15. Osler W (1901) Congenital absence of the abdominal muscles with distended and hypertrophied urinary bladder. Bull Johns Hopkins Hosp 12:331–333Google Scholar
  16. Parker RW (1895) Absence of abdominal muscle in an infant. Lancet 1:1252–1254Google Scholar
  17. Popek EJ, Tyson RW, Miller GJ, Caldwell SA (1991) Prostate development in prune belly syndrome (PBS) and posterior urethral valves (PUV): etiology of PBS – lower urinary tract obstruction or mesenchymal defect? Pediatr Pathol 11:1–29CrossRefGoogle Scholar
  18. Potter EL (1972) Normal and abnormal development of the kidney. Year Book, ChicagoGoogle Scholar
  19. Ramasamy R, Haviland M, Woodard JR, BArone JG (2005) Patterns of inheritance in familial prune belly syndrome. Urology 65:1227–1228CrossRefGoogle Scholar
  20. Rascher W, Rösch W (2005) Congenital anomalies of the urinary tract. In: Davison AM, Cameron JS, Grünfeld JP, Ponticelli C, Ritz E, Winearls CG, van Ypersele C (eds) Oxford textbook of clinical nephrology, 3rd edn. Oxford University Press, Oxford, pp 2470–2494Google Scholar
  21. Reinberg Y, Shapiro E, Manivel JC et al (1991) Prune belly syndrome in females: a triad of abdominal musculature deficiency and anomalies of the urinary and genital system. J Pediatr 118:395–398CrossRefGoogle Scholar
  22. Riccabona M (2004) Pediatric MRU-its potential and its role in the diagnostic work-up of upper urinary tract dilatation in infants and children. World J Urol 22:79–87PubMedGoogle Scholar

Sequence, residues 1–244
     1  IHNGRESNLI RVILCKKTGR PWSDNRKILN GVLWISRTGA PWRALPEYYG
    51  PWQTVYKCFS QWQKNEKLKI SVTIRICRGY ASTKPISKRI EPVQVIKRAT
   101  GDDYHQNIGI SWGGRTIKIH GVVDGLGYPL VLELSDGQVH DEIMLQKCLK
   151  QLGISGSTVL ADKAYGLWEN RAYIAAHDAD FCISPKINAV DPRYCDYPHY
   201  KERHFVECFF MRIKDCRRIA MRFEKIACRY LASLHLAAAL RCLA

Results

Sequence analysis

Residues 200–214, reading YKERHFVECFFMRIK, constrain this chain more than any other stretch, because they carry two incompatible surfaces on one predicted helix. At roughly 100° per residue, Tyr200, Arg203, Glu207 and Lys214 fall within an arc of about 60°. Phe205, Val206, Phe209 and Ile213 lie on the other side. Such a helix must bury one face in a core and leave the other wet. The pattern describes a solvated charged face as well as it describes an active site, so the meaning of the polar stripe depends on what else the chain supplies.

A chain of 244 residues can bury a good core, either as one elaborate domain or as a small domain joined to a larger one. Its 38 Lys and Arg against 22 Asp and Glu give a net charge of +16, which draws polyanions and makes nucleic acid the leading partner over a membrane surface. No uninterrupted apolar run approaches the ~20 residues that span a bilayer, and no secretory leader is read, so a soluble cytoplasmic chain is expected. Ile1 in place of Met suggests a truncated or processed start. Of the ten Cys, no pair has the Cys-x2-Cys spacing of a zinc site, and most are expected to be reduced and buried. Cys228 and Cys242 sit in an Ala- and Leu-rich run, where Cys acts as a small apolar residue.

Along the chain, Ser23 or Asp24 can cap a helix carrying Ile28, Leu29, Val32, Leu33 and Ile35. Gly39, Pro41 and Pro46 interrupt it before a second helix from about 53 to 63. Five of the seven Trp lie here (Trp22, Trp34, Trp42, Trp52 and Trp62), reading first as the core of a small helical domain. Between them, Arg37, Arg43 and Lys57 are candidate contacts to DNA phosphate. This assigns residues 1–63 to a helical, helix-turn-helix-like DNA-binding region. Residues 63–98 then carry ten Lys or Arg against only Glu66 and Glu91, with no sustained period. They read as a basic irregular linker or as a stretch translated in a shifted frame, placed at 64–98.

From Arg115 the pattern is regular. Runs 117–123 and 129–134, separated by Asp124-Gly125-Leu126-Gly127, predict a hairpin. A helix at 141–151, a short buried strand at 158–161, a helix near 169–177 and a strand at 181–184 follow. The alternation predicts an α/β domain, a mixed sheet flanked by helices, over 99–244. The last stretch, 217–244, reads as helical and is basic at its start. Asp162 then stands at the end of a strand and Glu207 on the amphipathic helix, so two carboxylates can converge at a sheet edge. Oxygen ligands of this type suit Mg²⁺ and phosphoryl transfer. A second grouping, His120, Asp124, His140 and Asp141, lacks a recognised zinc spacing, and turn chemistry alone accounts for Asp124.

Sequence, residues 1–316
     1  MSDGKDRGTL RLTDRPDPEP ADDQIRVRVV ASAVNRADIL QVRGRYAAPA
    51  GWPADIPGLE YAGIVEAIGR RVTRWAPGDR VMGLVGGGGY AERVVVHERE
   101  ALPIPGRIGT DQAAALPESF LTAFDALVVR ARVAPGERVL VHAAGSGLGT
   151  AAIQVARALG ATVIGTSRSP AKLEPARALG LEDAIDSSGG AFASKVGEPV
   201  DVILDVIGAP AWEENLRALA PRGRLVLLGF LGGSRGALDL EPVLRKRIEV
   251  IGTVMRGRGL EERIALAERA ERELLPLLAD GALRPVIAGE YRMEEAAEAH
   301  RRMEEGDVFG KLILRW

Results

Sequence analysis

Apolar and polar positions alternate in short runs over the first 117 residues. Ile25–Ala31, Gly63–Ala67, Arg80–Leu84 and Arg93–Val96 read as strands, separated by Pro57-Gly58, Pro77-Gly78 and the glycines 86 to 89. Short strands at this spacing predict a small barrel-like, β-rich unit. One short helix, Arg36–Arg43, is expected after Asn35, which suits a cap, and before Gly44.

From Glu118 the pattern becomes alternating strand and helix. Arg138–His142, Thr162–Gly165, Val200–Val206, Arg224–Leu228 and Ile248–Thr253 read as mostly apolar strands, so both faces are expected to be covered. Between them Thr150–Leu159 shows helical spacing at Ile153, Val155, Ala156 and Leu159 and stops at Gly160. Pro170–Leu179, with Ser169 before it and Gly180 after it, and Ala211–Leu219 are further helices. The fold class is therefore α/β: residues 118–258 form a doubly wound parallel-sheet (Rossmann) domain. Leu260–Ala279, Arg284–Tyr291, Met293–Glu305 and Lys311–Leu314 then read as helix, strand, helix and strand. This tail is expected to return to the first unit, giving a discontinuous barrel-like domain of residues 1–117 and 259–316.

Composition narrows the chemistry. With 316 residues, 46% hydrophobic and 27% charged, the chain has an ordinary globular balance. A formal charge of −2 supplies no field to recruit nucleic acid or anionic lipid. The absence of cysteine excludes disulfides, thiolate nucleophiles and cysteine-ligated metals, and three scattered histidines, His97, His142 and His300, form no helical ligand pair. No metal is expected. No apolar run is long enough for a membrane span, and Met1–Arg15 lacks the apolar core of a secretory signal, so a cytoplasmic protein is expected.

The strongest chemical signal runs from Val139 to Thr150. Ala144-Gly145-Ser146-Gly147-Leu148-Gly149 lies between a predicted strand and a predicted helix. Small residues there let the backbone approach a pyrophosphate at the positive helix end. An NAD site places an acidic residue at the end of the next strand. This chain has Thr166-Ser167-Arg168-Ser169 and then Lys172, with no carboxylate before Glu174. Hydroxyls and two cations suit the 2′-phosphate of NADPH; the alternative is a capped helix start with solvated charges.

23. Riccabona M, Simbrunner J, Ring E et al (2002) Feasibility of MR urography in neonates and infants with anomalies of the upper urinary tract. Eur Radiol 12:1442–1450CrossRefGoogle Scholar
  24. Rohrmann D, Duckett JW (2011) Prune-belly-Syndrom. In: Stein R, Beetz R, Thüroff JW (eds) Kinderurologie in Klinik und Praxis. Thieme, Stuttgart, pp 395–405Google Scholar
  25. Rohrschneider WK, Haufe S, Wiesel M et al (2002) Functional and morphologic evaluation of congenital urinary tract dilatation by using combined static-dynamic MR urography: findings in kidneys with a single collecting system. Radiology 224:683–694CrossRefGoogle Scholar
  26. Seidel NE, Arlen AM, Smith EA, Kirsch AJ (2015) Clinical manifestations and management of prune-belly syndrome in a large contemporary pediatric population. Urology 85:211–215. doi: 10.1016/j.urology.2014.09.029 CrossRefPubMedGoogle Scholar
  27. Sigel A, Rösch W (1993) Prune-belly-(“Pflaumenbauch”) syndrom. In: Sigel A (ed) Kinderurologie. Springer, Berlin Heidelberg, pp 107–114CrossRefGoogle Scholar
  28. Stephens FD, Gupta D (1994) Pathogenesis of the prune belly syndrome. J Urol 152:2328–2331CrossRefGoogle Scholar
  29. Wheatley JM, Stephens FD, Hutson JM (1996) Prune-belly syndrome: ongoing controversies regarding pathogenesis and management. Semin Pediatr Surg 5:95–106PubMedGoogle Scholar
  30. Williams DI (1982) Prune belly syndrome. In: Williams DI, Johnston JH (eds) Paediatric urology. Butterworths, London, pp 289–297Google Scholar
  31. Workman SJ, Kogan BA (1990) Fetal bladder histology in posterior urethral valves and the prune belly syndrome. J Urol 144:337–339CrossRefGoogle Scholar
  32. Yamamoto H, Nishikawa S, Hayashi T et al (2001) Antenatal diagnosis of prune belly syndrome at 11 weeks of gestation. J Obstet Gynaecol Res 27:37–40CrossRefGoogle Scholar

Copyright information

© Springer International Publishing AG, part of Springer Nature 2018

Authors and Affiliations

  1. 1.Department of Radiology, Section of Pediatric RadiologyMedical Center of the Johannes Gutenberg UniversityMainzGermany
  2. 2.Kinder- und JugendklinikUniversitätsklinikum ErlangenErlangenGermany

Personalised recommendations